Eco-districts, a Latin American green revolution
The eco-districts in Bogotá and Buenos Aires have become an example for cities worldwide aspiring to sustainability. Discover another way to travel with this route through Latin America.
What is an eco-district and what is sustainable urban development?
Eco-districts are the real-life, living and changing embodiment of the term ‘sustainability’, which is a kind of “chewing-gum word” – easy to chew, but lacking substance. An eco-district is made of ecological, bioclimatic and sustainable buildings. Sustainable urban development is a growing movement that goes far beyond opening an ecological shop or even an ecological supermarket on your street corner.
The residents are key: they practise environmental sustainability naturally in their day-to-day lives, defending the environment against climate change. Above all, they’re the minimum unit on which sustainable cities – the best version of a ‘smart city’ – can be built.
Latin America’s inspirational eco-districts
Latin America has eco-districts in Argentina, Peru, Colombia and Chile. There, visitors can strolls through some of the best-integrated examples of sustainable urban planning. It all begins by building ecological constructions, something already part of the DNA of indigenous communities. Many indigenous villages use curved houses that allow air to circulate in them, with insulation and roofs made of thatch and open spaces around them. What’s more, their relationship with nature is based on a respectful use of resources and recycling, making them the perfect inspiration for eco-districts in Latin America.
Bogotá joins sustainability
The distant communities of Triángulo Bajo, Manantial and Triángulo Alto, in the upper part of San Cristóbal, are the three best examples of Bogotá’s eco-districts. The country’s capital is suffocated by pollution and fast, excessive growth, so the area’s nearly 400 residents have decided to promote urban agriculture, reject cement and build with wood and other sustainable and bioclimatic materials. They also make the most of the sunlight and rainwater.
Buenos Aires, with 15 eco-districts, is a reference for a sustainable world
The world’s sustainable cities have a paradoxical mirror to look at themselves in when it comes to Argentina’s permanently congested capital. There are already 15 eco-districts in the province of Buenos Aires and eco-district projects are multiplying. Organic food cultivation, bioclimatic building materials and the use of natural energy are also at the foundation of these places. Workshops on ecological gardening or yoga, houses made of reeds and the lack of air conditioning (and noise) have brought fugitives from pollution of all social classes.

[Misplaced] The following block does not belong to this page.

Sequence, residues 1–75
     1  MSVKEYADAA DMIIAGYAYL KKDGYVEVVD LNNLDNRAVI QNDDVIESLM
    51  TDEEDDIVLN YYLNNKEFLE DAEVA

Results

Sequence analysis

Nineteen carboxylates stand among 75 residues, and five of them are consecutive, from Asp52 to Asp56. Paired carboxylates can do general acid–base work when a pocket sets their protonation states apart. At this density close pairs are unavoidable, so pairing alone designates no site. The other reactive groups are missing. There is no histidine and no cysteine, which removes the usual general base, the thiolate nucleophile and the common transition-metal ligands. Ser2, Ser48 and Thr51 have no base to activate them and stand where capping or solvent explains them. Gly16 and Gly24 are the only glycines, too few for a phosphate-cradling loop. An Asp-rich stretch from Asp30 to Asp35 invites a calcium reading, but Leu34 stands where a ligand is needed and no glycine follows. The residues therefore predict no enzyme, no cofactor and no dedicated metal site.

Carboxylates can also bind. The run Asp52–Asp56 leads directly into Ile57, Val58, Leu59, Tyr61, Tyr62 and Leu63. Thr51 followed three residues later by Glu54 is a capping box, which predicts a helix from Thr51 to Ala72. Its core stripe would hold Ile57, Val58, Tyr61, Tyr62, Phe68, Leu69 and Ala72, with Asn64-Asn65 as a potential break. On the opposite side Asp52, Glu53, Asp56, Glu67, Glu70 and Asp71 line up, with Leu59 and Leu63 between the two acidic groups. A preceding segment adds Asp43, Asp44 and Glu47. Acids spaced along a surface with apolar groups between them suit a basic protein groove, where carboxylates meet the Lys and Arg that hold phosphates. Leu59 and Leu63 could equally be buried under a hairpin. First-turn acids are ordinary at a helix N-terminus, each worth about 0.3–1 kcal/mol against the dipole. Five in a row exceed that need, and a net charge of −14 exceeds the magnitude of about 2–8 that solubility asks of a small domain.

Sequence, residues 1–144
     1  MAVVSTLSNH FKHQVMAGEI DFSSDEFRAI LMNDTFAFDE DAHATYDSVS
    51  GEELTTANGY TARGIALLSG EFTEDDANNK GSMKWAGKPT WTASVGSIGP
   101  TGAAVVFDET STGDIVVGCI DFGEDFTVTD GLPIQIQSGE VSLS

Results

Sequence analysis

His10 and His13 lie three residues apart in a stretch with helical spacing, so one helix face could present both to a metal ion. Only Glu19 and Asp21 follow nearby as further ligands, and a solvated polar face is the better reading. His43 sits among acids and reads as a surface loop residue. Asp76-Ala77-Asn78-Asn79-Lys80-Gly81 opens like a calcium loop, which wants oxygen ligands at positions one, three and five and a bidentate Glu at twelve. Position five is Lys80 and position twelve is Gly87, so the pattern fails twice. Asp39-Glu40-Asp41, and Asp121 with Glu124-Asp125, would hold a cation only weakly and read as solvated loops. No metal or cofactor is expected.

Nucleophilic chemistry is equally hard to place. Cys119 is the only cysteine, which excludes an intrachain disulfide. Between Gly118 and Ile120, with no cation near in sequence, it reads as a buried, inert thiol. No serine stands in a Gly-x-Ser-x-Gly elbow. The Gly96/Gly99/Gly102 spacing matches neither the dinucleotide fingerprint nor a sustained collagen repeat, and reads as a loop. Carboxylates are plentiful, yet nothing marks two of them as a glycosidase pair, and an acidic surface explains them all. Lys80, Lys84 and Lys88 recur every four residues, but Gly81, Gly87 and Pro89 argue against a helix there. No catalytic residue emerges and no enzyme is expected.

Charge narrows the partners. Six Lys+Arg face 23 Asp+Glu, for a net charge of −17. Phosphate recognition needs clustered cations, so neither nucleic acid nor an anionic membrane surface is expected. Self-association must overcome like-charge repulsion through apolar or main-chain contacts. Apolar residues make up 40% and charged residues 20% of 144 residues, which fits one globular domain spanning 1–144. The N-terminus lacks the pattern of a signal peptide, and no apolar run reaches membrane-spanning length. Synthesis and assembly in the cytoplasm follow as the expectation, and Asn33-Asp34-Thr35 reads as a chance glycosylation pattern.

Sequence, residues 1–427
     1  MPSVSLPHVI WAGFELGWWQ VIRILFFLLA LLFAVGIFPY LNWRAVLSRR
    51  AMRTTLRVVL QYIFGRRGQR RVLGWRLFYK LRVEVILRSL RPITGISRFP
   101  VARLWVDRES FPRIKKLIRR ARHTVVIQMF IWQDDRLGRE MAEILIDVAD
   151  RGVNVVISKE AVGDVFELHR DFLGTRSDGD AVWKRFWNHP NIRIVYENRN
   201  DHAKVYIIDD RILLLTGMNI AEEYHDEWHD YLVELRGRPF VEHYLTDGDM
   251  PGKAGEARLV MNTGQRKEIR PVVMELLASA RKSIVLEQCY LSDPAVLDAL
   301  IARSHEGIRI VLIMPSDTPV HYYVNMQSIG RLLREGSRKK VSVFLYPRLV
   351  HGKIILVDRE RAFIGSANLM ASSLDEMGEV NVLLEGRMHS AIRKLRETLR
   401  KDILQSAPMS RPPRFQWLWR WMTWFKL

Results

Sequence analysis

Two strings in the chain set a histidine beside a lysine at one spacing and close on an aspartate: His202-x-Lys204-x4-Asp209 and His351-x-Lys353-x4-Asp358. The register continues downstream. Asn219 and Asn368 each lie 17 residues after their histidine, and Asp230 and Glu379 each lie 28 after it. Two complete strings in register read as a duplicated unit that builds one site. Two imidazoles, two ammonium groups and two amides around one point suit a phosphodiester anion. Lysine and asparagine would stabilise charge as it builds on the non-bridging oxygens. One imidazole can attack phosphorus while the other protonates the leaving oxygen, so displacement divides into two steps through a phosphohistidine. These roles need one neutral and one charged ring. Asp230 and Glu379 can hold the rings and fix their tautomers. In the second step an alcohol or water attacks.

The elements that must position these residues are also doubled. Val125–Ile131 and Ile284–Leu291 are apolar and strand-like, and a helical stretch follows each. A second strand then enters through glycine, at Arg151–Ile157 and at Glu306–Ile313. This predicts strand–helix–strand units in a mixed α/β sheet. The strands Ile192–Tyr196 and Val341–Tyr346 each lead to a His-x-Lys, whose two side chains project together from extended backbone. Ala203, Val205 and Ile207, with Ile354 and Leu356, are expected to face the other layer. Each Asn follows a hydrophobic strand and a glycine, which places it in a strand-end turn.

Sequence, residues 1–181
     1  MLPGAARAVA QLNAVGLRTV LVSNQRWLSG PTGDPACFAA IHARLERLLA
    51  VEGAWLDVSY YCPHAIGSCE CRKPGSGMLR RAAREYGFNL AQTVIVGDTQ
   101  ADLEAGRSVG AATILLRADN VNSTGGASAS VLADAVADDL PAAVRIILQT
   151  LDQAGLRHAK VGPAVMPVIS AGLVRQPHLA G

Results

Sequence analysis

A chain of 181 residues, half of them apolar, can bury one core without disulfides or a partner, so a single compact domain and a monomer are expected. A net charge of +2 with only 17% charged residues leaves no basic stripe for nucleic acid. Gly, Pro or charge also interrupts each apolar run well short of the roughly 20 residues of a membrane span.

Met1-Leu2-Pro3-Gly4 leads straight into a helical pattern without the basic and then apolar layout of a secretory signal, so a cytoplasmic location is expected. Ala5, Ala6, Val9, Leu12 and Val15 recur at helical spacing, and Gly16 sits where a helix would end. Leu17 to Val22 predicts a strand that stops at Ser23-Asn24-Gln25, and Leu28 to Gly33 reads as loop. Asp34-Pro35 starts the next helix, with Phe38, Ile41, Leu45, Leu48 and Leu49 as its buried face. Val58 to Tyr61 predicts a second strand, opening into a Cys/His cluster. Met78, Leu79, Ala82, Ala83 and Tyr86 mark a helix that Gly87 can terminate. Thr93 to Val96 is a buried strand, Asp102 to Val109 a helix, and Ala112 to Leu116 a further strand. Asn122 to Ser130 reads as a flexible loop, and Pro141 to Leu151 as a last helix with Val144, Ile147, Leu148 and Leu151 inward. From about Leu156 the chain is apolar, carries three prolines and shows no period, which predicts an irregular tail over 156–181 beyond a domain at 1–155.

Villa 4 Álamos, Chile’s first eco-district
Latin American initiatives to create sustainable districts have almost always come from the residents themselves, not from the authorities or property developers. A case in point is Villa 4 Álamos, Chile’s first eco-district. In 2004, the residents of this neighbourhood in Maipú organised and protested against the cutting of more than 100 trees to build a school. From there, the residents expressed their ecological awareness through actions such the one that transformed a landfill into a free ecological garden for anyone who needs it.
For 4 Álamos residents, what is sustainable development? This is how they explain it: we understand “eco-district” as a community that organises to improve the quality of life and take care of the environment. Its remedies are human relationships, ecological education and the creation of networks of organisations and people committed to changing the current model”.
Fly to Bogotá from 21,250 Avios each way and explore San Cristóbal’s eco-districts.
Visit a genuine example of a sustainable city travelling to Buenos Aires from 25,500 Avios each way.
From 25,500 Avios each way, meeting the residents of Maipú (in Santiago) and see how their ecological awareness helped them turn a landfill into a garden